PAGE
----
A good friend had success with No Thank You, Evil with their child whose just around a year older. Maybe I should think about trying that out or find my old copies of Once Upon A Time or Rory’s Story Cubes. Some games, they really are just an excuse to play Calvin Ball.

Originally scribbled down at www.gnomepondering.com
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Mon Aug 31, 2020 3:20 pm
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Tanuki Matsuri has been good for my frazzled brain

Lowell Kempf
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Okay, here’s the basic idea: Superlude Editions has released Tanuki Matsuri, a Roll and Write game set in the same world as their card game Tanuki Market, as a free print-and-play for Covid relief. It’s not the best PnP I’ve seen that’s been released as Covid relief nor the best Roll and Write I’ve ever seen. But it’s a very accessible family game at a time when that’s what is really needed.

Tanuki Matsuri is about mischievous Tanuki spirits stealing fruit from Granny’s fruit stand and also hosting a party for Granny. Which sounds like a pretty raw deal for Granny but it does work as an excuse for cute pictures of Tanuki so I’ll let it pass.

The rules are just a page long and the whole thing is free (at least for right now) so I won’t get too detailed about the rules. It’s one of those Roll-and-Writes where the die you pick let’s you check off a box on the sheet, in this case either a fruit or part of the flower trail that leads to Granny’s party. Okay, you circle them but the principle is the same. The game ends when you either circle the last flower or temple gate(whose sole purpose is to be a timer)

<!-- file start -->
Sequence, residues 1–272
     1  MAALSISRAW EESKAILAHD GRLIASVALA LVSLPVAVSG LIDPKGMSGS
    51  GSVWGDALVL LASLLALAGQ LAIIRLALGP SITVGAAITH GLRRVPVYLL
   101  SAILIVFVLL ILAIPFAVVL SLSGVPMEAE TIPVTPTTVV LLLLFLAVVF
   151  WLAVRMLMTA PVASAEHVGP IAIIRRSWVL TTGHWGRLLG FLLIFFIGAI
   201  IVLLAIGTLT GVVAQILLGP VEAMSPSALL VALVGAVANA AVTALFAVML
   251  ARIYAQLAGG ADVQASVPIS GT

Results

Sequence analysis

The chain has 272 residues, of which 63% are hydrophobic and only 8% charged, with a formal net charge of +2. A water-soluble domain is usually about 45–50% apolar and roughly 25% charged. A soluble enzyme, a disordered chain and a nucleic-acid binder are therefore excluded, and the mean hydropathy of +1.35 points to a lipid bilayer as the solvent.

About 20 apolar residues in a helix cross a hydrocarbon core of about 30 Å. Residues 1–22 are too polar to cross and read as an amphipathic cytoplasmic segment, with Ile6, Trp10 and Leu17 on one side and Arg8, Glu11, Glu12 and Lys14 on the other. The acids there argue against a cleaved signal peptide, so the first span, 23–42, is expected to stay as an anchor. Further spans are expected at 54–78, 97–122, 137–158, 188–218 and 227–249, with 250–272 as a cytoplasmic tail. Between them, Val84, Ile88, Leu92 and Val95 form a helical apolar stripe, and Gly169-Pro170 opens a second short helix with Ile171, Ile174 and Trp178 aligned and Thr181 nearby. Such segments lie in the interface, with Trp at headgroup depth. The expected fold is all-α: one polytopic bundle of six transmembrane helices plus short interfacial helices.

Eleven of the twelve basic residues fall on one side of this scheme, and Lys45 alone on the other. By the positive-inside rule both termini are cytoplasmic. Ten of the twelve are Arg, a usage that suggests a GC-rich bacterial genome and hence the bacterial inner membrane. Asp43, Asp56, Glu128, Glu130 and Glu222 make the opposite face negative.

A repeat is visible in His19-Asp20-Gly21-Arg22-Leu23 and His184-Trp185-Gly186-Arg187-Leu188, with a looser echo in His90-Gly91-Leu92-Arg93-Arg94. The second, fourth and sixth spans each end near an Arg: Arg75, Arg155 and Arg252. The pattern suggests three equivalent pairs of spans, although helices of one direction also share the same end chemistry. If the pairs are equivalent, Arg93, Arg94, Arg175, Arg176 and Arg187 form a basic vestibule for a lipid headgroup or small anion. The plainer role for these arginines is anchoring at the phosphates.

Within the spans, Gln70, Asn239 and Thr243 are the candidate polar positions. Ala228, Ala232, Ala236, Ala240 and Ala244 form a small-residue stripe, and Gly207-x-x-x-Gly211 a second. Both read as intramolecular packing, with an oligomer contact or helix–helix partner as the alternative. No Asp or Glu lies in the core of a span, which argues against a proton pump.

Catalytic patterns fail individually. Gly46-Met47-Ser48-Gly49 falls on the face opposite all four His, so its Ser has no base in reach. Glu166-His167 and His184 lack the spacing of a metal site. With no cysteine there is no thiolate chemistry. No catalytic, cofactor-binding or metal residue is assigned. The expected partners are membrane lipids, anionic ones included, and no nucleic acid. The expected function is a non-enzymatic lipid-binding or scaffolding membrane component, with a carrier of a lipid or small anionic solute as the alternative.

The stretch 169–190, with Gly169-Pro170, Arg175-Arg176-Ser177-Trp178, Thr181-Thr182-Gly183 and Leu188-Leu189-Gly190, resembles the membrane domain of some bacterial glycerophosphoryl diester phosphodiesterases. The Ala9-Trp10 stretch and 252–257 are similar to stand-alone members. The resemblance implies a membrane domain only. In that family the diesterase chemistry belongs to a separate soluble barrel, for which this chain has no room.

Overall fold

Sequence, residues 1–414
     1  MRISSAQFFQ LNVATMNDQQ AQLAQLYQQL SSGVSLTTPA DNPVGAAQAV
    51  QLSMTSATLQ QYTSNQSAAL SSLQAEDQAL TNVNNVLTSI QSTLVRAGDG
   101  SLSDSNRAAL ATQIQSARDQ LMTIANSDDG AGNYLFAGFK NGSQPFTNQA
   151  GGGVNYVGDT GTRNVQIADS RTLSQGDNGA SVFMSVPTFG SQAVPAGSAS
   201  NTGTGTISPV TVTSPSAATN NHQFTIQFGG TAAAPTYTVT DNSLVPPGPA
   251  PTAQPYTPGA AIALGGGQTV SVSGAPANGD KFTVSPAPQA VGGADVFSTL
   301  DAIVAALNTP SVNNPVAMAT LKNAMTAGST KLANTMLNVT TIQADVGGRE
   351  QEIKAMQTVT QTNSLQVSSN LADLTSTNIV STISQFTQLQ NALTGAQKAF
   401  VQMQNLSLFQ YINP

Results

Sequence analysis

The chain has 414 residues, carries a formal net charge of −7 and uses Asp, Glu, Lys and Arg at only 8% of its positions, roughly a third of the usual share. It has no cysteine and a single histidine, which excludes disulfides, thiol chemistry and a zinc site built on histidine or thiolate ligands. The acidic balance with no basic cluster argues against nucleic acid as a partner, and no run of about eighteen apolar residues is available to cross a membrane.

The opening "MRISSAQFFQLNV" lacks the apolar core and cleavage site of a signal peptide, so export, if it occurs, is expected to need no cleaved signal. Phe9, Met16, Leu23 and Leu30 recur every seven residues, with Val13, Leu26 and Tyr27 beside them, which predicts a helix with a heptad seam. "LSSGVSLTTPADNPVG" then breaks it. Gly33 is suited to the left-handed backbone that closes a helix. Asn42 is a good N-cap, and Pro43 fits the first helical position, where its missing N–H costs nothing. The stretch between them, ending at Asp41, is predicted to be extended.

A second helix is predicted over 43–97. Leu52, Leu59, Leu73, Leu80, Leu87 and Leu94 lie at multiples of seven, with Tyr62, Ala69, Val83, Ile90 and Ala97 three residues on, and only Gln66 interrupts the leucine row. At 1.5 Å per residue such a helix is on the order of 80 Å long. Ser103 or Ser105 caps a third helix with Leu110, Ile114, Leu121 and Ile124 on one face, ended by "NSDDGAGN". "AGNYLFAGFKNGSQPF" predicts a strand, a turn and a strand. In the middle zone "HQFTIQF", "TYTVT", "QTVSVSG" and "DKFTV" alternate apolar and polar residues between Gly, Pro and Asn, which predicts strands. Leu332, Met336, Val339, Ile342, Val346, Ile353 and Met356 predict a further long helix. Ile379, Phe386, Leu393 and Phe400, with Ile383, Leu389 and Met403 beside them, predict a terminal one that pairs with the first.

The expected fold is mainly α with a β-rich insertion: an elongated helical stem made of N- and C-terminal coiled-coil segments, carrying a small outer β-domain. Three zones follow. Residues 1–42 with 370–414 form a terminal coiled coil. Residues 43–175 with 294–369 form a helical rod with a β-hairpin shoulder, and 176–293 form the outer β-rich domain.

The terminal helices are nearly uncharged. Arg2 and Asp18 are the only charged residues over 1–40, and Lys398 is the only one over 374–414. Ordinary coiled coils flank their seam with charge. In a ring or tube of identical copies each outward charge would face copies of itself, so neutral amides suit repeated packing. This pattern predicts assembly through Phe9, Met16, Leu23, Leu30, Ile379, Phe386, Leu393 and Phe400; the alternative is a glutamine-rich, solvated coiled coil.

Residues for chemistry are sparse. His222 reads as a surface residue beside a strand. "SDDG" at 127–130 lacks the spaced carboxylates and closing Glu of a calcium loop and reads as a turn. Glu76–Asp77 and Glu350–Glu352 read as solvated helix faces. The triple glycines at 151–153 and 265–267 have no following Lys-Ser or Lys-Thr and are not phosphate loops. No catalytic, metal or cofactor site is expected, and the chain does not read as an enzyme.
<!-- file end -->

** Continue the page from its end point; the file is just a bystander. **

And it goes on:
Ah but there’s a clever bit. Every single thing you circle has some kind of bonus. Circle a fruit. Circle a flower. Circle a score multiplier. Cross out a score multiplier. Circle a temple gate. And it’s pretty easy to chain bonuses and get multiple actions out of each turn. Without the bonus actions, there would be nothing to the game. For all interesting purposes, the bonuses are the game.

Tanuki Matsuri is a very light and simple game . Maybe _too_ light and simple even for a family weight game. I’m also pretty sure there is an optimal path to getting points (maxing out the flower path and the strawberry column), which is mildly mitigated by the bonuses allowing multiple ways to pursue that.

_But_ here’s the thing. As a game aimed at people who are under some level or another of lockdown, Tanuki Matsuri is golden. It’s got a cute theme that will appeal to a wide audience range, including youngish kids. It is very easy to build: one page per two players plus a writing tool and any three six-sided dice (no color combinations required) And it’s very easy to learn and play, which is very helpful in a casual, family game in these strained times.

I have to admit, between lockdown parenthood and remote school, my brain is fried. A year ago, Tanuki Matsuri would have been a blip on my radar. Now, the simplicity of it really clicked for me and I was engaged by it when I sometimes haven’t had the brain power for more intricate games. And our six-year-old liked to chain bonuses, even if he wasn’t interested the scoring system.

I don’t know if Tanuki Matsuri has the legs for a lot of replay or to be a game that is in regular play rotation for months or years to come. But it has been a very good game me for where I am at right here and now and I have recommended it to friends, particularly those with small children.


Originally scribbled down at www.gnomepondering.com
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Fri Aug 21, 2020 6:36 pm
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Should a preschool cartoon make me feel this cynical?

Lowell Kempf
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Our six-year-old spent a couple days binging on the Rainbow Rangers cartoon, even though he’s a little old for it.

It’s basically a preschool version of Captain Planet and the Planeteers with that CGI that makes all the characters look like they are made of plastic. It does have a theme song that has the ear worm of any three given Eurovision entries combined. Honestly, neither of his parents think much of it.